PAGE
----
We humans do hate randomness, don't we? It's what's at the heart, I believe, of conspiracy theories; it's too difficult for many people to believe that a lone gunman could kill a president, or that a small group of men armed with boxcutters could take over airplanes and change the way we all see the world. It's understandable that so many people tend to believe conspiracy theories. It's also nonsense.
Likewise, the old superstition that famous people die in threes (some "research" indicates this particular wives tale dates back to the 1960's). Believers have their "proof" this month after the departures of Ed McMahon, Farrah Fawcett, and Michael Jackson in quick succession. Three celebrities! Game, set, match for the urban legend!
Except that celebrities also die in twos. And fours. In fact, if we add David Carradine and pitchman Billy Mays to our June list, that brings the celebrity death toll to five. Then again, Carradine died a few weeks before the others. So depending on what the exact time frame is for the "coming in threes" rule, we might have to exclude him. And Billy Mays... well, he wasn't really a celebrity in the usual sense. He did commercials. Then again, so did Ed McMahon. Hmmm. This so-called rule seems quite unruly.
And that's because it is. To even begin to apply a scientific measurement to this, we need to get a few things straight: how long is the period of time within which the celebrities have to die to say that it happened in threes? And exactly how is "celebrity" defined? Be loose enough with your standards, and I think you can find that notable people die in threes every day. I would volunteer to be the person who establishes these time/fame standards for examining the rule of threes.... But I'm kinda busy.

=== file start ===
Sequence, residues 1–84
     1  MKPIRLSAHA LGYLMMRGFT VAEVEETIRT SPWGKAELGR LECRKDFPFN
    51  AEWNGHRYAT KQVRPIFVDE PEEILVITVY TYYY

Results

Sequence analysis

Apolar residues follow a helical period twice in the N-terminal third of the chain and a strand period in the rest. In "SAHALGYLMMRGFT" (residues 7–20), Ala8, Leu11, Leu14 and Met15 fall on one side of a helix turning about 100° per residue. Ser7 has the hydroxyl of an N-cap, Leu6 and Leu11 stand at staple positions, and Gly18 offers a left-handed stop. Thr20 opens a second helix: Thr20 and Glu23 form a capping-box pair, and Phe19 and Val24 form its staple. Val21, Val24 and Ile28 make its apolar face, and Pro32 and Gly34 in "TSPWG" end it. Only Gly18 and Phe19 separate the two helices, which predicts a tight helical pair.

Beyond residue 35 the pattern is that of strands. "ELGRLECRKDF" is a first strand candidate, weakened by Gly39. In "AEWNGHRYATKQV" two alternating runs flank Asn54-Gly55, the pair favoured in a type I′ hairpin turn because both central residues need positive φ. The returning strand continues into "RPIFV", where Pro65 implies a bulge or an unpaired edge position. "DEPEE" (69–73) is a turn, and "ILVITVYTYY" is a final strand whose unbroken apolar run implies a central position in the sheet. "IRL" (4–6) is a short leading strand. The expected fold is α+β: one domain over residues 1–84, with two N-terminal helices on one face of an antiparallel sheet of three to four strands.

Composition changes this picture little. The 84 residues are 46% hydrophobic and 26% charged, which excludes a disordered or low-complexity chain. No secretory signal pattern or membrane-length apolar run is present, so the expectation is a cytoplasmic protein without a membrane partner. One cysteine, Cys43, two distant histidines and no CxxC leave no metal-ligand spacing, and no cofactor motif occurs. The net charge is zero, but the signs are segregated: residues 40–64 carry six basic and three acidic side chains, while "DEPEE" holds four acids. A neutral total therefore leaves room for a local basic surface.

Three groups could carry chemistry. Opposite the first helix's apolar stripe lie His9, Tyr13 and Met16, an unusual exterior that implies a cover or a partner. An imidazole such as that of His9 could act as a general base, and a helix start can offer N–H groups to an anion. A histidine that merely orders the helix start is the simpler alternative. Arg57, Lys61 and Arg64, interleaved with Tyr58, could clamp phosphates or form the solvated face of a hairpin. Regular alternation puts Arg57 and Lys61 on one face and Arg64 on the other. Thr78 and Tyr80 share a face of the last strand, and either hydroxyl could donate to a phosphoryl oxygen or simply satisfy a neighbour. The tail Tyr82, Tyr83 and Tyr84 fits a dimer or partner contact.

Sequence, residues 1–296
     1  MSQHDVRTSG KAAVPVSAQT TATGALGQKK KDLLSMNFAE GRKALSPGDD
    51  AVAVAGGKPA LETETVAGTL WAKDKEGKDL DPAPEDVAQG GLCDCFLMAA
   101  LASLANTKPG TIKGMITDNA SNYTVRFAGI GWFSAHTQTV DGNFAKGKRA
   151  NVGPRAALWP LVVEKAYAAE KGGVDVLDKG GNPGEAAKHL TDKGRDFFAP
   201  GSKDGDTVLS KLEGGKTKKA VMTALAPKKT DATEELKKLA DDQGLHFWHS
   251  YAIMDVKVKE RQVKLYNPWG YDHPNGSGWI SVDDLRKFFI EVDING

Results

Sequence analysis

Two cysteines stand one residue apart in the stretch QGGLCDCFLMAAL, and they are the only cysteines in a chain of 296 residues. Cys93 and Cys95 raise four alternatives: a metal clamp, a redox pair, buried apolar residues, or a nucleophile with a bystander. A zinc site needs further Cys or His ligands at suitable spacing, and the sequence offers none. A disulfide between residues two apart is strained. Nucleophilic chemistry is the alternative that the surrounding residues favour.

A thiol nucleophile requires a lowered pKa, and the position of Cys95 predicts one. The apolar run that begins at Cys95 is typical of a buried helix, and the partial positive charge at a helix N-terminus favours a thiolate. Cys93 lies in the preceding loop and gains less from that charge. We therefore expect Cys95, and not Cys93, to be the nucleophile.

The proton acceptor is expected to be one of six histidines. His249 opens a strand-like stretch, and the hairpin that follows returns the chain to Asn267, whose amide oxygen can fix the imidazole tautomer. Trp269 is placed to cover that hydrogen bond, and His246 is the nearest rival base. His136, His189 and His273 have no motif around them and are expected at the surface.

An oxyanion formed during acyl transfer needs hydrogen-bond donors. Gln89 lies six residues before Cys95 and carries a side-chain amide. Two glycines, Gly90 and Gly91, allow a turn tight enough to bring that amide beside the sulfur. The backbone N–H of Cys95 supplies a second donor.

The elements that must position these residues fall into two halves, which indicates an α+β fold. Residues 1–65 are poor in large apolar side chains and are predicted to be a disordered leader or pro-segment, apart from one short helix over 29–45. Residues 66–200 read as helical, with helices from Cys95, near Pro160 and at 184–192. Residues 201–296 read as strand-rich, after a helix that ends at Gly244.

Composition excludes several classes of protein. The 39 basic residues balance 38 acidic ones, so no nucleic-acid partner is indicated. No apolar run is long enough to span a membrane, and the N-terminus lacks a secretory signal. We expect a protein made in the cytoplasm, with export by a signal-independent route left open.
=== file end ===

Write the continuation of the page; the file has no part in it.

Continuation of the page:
The threes rule is really just another conspiracy theory, just another way that people deal with death and randomness. Here's one website that looked into the question (you'd be surprised how many people think about this--google "celebrities dying in threes" and join the party!) that has an accurate take on it, I think:
We remember the names we recognize and forget the rest. When people with bigger names die in groups, that's evidence of randomness at work in the universe, not a law of threes. People see patterns where there is no pattern.
It's more proof that humans are pattern-seeking creatures. The rule of threes is a way to deal with loss, not to mention a way to keep the wolf -- the ultimate randomness of death -- outside our own door.
So, to sum up: yes, celebrities die in threes. So do opthamologists and people who have bowled 300-games. Except when they don't.